Early last year, Dr. Carlos Arcilla, director of the National Institute of Geological Sciences at the University of the Philippines, disclosed to the Business Mirror an electrical resistivity survey he did with Bureau of Soils geologist Mario Collado, which concluded that “no distinct evidence of geological structures like fault and fractures are identified [beneath the nuclear power plant].” Arcilla has said that since studies have shown that no fault exists under or near the BNPP, the issue “should be laid to rest.” He added that the claim of volcanic danger to BNPP “is a nonissue,” saying that the two recorded eruptions of Mount Natib occurred 27,000 years and 60,000 years ago.
House approves P100 million for new Bataan Nuclear Power Plant study, Boy Santos, Philippines Star, 6 March 2009
The House appropriations committee approved yesterday a P100-million allocation for a new study on the viability of commissioning the mothballed Bataan Nuclear Power Plant (BNPP). Albay Rep. Edcel Lagman, senior committee vice chairman, proposed the new “validation or feasibility” study as a “compromise” to the bill of Pangasinan Rep. Marcos Cojuangco seeking the “immediate rehabilitation and commissioning” of the nuclear plant. The bill of Cojuangco is facing stiff opposition from many congressmen and civil society groups, as well as from Catholic bishops. The lawmaker is a son of billionaire businessman Eduardo Cojuangco Jr. who has investments in power distribution and oil refining and retailing. Lagman said a fourth study has to be conducted to determine whether the nuclear plant could still be operated despite its being mothballed since the Marcos years due largely to unresolved safety issues. He said the results of three previous studies should be used as references by a group of local and international experts who would be commissioned to undertake the new study. He said the P100-million budget would be taken from this year’s budget of the Department of Energy and the state-owned National Power Corp.
Aspects of volcanic hazard assessment for the Bataan nuclear power plant, Luzon Peninsula, Philippines, A. C. M. Volentik, C. B. Connor, L. J. Connor and C. Bonadonna, in C.B. Connor, N.A. Chapman, and L.J., Connor (eds.), Volcanic and Tectonic Hazard Assessment for Nuclear Facilities, Cambridge University Press, 2009
Volcanic Hazard Assessment For Critical Facilities: The Example Of The Bataan Nuclear Power Plant (Philippines), Alain C.M Volentik, Charles B. Connor, Laura Connor, and Costanza Bonadonna, Geological Society of America, Southeastern Section – 58th Annual Meeting, 12-13 March 2009.
As the Philippines Government asked help the International Atomic Energy Agency (IAEA) to help assess the feasibility of rehabilitating the Bataan Nuclear Power Plant, the question of the site safety with regard to volcanic hazards arises, following the statement of the Union of Concerned Scientists that the proximity of the site to the potentially active Mt. Natib volcano is a major source of concern (D’Amato and Engel, 1988). Our analysis shows that, besides the obvious capability of Mt. Pinatubo to affect the site (BNPP experienced about 6cm of tephra fallout during the 1991 eruption of Mt. Pinatubo), both the nearby Mt. Natib and Mt. Mariveles are volcanoes capable to impact the site with a variety of volcanic phenomenon. Furthermore, we estimated the probability of an eruption of VEI 6-7 at Mt. Natib is approximately 6-9 x 10-5 yr-1. This yields a probability range of 2 x 10-3 to 4 x 10-3 for a 40 yr site performance period. Such probabilities are high compared to accepted values for many types of disruptive events at nuclear facilities. Our conclusions show that the BNPP is within screening distances for volcanic phenomenon such as, but not restricted to, tephra fallout, pyroclastic density currents and lahars in the event of a future eruption at Mt. Natib. Mt. Mariveles and, in a lesser extent, Mt. Pinatubo are also volcanoes capable of impacting the BNPP. Therefore, if the BNPP were to be rehabilitated, our analysis clearly indicates that the site needs a more comprehensive volcanic hazard assessment, such as the assessment the potential for new vent formation on the flanks of Mt. Natib volcano or an assessment of hazard posed by potential lava flows. Finally, we would recommend the implementation of monitoring techniques (i.e. seismic network) on both Mt. Natib and Mt. Mariveles.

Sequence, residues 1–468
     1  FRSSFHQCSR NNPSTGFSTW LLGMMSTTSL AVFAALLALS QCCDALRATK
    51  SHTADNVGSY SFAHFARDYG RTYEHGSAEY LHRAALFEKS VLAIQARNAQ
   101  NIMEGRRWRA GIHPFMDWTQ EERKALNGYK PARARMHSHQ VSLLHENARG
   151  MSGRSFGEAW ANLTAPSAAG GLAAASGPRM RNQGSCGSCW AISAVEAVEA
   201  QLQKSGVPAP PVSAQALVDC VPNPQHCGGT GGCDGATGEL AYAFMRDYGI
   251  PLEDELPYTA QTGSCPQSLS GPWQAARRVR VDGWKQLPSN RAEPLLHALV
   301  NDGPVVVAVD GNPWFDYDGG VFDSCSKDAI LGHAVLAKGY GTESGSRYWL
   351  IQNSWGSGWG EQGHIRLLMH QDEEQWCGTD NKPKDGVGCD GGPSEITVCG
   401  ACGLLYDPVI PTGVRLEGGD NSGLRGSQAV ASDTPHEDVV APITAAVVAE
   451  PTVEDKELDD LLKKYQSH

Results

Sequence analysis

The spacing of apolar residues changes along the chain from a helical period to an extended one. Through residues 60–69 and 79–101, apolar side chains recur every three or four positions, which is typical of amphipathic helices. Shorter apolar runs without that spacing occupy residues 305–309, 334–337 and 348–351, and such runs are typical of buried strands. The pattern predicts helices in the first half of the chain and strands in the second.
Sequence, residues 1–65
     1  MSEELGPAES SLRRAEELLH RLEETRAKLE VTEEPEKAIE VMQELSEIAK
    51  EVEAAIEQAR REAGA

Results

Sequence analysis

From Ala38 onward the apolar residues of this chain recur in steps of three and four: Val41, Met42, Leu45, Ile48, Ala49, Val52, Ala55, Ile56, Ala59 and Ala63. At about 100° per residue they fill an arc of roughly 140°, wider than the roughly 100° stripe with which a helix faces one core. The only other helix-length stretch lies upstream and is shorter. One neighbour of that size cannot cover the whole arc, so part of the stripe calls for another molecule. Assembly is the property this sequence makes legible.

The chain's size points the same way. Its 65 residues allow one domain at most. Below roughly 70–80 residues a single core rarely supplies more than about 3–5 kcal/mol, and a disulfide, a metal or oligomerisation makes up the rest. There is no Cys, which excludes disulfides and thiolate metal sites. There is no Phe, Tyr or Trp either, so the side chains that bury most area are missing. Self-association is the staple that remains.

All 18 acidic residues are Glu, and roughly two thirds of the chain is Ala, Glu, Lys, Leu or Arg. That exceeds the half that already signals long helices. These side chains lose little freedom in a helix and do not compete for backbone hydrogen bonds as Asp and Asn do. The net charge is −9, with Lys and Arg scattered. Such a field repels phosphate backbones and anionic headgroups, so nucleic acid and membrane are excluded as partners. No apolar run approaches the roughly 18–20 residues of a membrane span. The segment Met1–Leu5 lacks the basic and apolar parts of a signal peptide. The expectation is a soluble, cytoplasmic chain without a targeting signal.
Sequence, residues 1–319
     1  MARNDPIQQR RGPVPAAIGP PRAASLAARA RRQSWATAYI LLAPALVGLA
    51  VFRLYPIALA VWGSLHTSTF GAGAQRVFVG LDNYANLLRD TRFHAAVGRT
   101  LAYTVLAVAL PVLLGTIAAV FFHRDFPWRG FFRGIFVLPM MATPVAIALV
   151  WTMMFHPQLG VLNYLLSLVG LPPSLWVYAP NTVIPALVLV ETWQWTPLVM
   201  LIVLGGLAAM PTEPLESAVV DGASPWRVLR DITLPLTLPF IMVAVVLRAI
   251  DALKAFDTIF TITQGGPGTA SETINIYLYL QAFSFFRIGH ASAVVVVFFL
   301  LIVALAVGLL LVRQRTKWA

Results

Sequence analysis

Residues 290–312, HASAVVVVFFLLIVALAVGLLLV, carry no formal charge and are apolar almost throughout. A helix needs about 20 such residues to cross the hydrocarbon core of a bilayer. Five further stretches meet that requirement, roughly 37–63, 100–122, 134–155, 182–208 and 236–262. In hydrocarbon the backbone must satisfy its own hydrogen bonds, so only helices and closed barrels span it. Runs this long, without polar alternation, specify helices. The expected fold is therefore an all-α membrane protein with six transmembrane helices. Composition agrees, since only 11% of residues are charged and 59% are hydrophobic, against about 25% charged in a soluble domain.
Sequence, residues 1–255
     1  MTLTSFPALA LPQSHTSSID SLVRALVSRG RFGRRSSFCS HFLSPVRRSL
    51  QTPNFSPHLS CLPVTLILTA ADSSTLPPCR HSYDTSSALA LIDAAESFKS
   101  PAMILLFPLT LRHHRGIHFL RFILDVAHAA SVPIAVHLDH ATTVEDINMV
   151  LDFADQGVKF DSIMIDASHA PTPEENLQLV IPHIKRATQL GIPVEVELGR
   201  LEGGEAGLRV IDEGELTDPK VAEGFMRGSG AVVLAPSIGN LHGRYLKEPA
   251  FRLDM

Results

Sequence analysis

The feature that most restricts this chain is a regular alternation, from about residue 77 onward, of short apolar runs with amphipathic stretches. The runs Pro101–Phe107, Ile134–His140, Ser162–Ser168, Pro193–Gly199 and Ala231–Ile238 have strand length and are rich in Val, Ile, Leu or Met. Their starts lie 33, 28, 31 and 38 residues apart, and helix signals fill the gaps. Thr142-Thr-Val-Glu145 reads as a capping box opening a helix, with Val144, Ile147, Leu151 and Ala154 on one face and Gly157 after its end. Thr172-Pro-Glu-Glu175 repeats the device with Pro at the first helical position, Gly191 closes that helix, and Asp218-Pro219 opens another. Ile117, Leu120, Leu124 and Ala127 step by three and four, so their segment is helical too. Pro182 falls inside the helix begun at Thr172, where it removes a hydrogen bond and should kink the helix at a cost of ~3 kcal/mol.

Do Mt. Natib, Mt. Mariveles and Mt. Pinatubo have a credible potential for future eruptions? Future eruptions appear highly likely from Mt. Pinatubo, considering its last explosive eruption in 1991 and many other eruptions in the Holocene. Several lines of evidence indicate that future eruptions from Mt. Natib and Mt. Mariveles are credible, including the existence of an active hydrothermal system within Mt. Natib volcano, the presence of little-eroded volcanic features (e.g. caldera depressions truncating both Mt. Natib and Mt. Mariveles) and probabilistic assessment based on the estimated repose since the last-dated eruptive event. The probability estimate is highly uncertain, due to uncertainties in ages of past eruptions and possibly underestimates of recurrence rate due to poor preservation of smaller eruptions in the geologic record. This uncertainty supports a conservative approach to hazard assessment that assumes future eruptions are possible from Mt. Pinatubo, Mt. Natib and Mt. Mariveles. We have made such a preliminary assessment for a subset of potential volcanic phenomena utilizing a screening-distance-value approach. This analysis, made using relatively simple and widely available numerical techniques, indicates that the BNPP site has the potential to be affected by phenomena such as tephra fallout, lahars and pyroclastic density currents in the event of a future eruption. Cumulatively, these analyses indicate that Mt. Natib and Mt. Mariveles and, for tephra-fall hazards, Mt. Pinatubo, are capable volcanoes, following the definition provided by Hill et al.